‘Heiresses’ Adds Up the Melancholy and Danger of Inherited Wealth

Two astute American playwrights renamed Henry James’s masterful novel Washington Square, about a rich girl, a dominating father, and a feckless lover, as The Heiress.

‘Heiresses’ Adds Up the Melancholy and Danger of Inherited Wealth

The dramatists were experts at what they did, just like the book’s author, Laura Thompson, whose study of women who’ve inherited large fortunes is both peculiar and riveting. Want to see a drama about a rich widow, a greedy businessman, or a mysterious heir?

Likewise, I wouldn’t do that. Sometimes, it’s the heiresses’ mistakes that make them the most interesting. As a result, they err in their judgement.

‘Heiresses’ Adds Up the Melancholy and Danger of Inherited Wealth

Almost without exception, Thompson’s helpless heroines did, with the exception of a few unlikable toughies whose goals were primarily altruistic. It would appear that one could always purchase a prominent position at a king’s table if they had enough money.

As the Married Woman’s Property Act of 1870 protected the assets of married women, fortune hunters used to resort to kidnapping young heiresses to get their hands on their money.

The Westminster estate was built on land that belonged to Mary Davies, a young woman who had been kidnapped by a malicious priest and remarried to his brother while under the influence of drugs. Mary was a widow and, more controversially, a Catholic who supported the exiled James II.

Davies was rescued by her Grosvenor heirs and instead of being murdered, she was sent to live the remainder of her days in a mental institution in the country. However, Thompson poses the question, “What if Davies had been a little less gullible?”

She uses Margaret Harley, a virtuous bluestocking heiress who married her duke for love, donated to Coram’s Foundling Hospital, and established Europe’s preeminent natural history museum at Bulstrode Hall, as an analogy.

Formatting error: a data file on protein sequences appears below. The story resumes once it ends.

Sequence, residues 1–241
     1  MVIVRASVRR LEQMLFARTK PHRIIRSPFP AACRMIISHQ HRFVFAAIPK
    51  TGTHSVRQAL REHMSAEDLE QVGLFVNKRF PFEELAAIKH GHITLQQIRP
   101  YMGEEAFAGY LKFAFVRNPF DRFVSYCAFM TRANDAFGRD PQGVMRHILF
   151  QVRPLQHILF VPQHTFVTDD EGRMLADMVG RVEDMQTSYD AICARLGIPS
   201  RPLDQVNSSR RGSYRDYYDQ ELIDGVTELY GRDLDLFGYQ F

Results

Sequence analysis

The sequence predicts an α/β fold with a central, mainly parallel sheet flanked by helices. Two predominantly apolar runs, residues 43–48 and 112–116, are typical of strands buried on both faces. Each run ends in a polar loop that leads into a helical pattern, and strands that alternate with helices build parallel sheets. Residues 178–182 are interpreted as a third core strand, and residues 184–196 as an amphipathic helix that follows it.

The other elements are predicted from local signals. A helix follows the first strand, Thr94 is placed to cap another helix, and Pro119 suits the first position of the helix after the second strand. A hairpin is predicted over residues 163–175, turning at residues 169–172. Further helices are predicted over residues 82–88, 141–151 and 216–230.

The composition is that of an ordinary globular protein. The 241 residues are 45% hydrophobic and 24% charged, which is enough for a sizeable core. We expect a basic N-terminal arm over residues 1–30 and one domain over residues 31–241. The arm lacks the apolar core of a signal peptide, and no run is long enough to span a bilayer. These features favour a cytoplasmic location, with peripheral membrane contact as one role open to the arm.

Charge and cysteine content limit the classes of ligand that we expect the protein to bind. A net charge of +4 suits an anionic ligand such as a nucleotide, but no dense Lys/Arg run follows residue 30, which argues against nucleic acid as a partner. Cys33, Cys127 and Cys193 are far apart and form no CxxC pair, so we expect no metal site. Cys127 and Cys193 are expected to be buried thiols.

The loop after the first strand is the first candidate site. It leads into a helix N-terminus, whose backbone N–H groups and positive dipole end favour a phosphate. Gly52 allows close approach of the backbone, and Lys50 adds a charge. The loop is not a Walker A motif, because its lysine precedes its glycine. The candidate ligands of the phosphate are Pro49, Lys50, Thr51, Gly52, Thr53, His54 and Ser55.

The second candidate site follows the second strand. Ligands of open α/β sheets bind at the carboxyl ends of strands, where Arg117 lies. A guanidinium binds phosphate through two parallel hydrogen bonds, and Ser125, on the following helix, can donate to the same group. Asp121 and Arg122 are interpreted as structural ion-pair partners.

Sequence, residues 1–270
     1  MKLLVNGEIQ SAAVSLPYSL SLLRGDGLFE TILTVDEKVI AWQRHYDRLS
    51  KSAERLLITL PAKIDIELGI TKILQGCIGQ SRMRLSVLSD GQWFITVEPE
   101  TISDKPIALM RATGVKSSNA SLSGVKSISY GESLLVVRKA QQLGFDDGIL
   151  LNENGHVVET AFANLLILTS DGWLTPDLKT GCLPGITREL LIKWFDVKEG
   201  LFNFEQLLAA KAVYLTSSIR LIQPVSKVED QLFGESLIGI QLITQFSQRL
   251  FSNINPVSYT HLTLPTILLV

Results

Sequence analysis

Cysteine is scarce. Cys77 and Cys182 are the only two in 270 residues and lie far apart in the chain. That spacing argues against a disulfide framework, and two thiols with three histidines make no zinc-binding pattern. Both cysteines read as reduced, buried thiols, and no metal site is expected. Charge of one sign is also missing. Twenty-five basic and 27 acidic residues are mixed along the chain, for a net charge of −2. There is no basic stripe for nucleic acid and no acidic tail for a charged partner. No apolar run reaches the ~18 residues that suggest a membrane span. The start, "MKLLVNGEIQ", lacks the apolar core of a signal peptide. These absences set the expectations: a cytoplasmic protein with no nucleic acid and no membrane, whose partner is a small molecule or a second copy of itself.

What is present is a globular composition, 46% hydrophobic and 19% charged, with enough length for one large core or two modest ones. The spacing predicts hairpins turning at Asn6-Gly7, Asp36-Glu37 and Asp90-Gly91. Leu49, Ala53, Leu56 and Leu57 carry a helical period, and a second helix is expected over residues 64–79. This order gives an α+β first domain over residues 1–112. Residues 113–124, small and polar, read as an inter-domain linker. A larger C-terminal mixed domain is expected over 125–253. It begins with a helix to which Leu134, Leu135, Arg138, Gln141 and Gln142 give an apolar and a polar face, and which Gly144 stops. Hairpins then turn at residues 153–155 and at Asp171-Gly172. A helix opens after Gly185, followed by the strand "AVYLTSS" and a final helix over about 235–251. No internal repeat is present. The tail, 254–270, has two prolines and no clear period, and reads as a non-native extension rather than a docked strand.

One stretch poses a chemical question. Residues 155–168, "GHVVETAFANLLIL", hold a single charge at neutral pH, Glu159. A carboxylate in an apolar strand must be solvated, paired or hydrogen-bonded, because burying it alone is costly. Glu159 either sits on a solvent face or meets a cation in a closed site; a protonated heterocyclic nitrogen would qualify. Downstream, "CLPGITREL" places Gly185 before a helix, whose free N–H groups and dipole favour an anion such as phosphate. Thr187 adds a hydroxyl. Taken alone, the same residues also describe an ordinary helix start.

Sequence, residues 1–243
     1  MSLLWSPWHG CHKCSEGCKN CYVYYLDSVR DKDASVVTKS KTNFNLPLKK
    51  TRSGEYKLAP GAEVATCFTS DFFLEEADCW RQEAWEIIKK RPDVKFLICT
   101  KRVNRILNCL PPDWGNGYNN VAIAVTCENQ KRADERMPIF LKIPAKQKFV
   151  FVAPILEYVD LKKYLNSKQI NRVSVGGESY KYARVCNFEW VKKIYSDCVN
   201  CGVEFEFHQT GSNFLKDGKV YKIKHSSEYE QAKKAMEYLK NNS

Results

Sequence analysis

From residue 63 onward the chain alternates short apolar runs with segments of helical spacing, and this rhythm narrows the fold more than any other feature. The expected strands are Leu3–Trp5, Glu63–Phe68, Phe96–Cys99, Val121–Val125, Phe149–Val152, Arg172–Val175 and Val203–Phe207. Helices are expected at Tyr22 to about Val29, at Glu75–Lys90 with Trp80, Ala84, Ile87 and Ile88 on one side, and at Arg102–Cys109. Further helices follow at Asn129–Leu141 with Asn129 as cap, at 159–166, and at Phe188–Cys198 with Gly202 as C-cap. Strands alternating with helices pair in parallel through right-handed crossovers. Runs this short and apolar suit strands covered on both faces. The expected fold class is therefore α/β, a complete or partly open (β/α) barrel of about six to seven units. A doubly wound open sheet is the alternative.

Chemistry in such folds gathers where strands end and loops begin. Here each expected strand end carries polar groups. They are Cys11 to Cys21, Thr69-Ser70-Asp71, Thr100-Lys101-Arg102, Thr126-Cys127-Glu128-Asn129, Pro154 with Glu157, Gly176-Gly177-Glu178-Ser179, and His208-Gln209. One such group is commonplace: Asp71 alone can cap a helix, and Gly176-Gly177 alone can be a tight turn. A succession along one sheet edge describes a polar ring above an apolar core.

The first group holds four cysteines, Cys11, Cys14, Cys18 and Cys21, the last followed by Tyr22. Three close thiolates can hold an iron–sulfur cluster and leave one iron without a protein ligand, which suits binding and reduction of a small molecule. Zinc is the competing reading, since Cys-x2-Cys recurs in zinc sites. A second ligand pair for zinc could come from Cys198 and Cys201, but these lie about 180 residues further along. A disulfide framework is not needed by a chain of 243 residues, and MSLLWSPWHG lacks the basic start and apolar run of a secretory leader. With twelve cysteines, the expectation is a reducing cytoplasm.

Heiresses is Notably Lacking in Stories of Enlightened Heiresses.

Thompson did include Angela Burdett-Coutts, who was called “the best woman in England” for her groundbreaking work in London’s East End during Queen Victoria’s diamond jubilee before marrying a man less than half her age and living happily ever after.

It’s fantastic to see Nancy Cunard being given credit for her commitment to causes. (In response to her concern about the Spanish Civil War, her friend Samuel Beckett famously wrote, “UP THE REPUBLIC!” in his translation of an essay that had been submitted to Negro, Cunard’s landmark 1934 celebration of black achievements.)

Is there no room for the modern female philanthropists like Vivien Duffield, Sigrid Rausing, and Jasmine Whitbread? Lady Byron (the poet’s vilified widow) and her groundbreaking work in co-ed institutions like schools and prisons doesn’t get any respect around here?

Thompson, on the other hand, presents a study of rich ladies with leisure time that is rife with rumours and snark. The marriage of Consuelo Vanderbilt, heiress to a fortune, to the little but titled owner of one of England’s largest and most miserable estates (Blenheim) is a prime example of a transactional union.

Vanderbilt, like fatherless heiress Daisy Warwick, found solace in partners (her promiscuous husband called her “the old tart”) and later politics, unsuccessfully running as the Progressive party’s “Mrs. Marlborough,” until finding true love with a French aviator.

Warwick, a Socialist who ran against Anthony Eden in 1923, enjoyed showing the bed she slept with a king to the leaders of the Trades Union Congress.

Thompson’s stories of the heiresses who never found a cause are less enlightening but unwholesomely fascinating. When her lovers abandoned her, Alice “Silver Spoon” de Janzé began shooting them and ultimately took her own life.

Barbara Hutton, who had millions thanks to the Woolworth workers, spent her time shopping for spouses and had seven before she died of a heart attack when she had almost spent her whole fortune.

Thompson spent time in Covid isolation with a group of confused heiresses; what did she learn? Is she at the point where a large sum of money may make her happy?

Enough, she seems to imply, to live in many mansions, fund an animal refuge, buy a picture by Stubbs, and build her own cryonics chamber. She humbly acknowledges, “I guess,” that “it might.”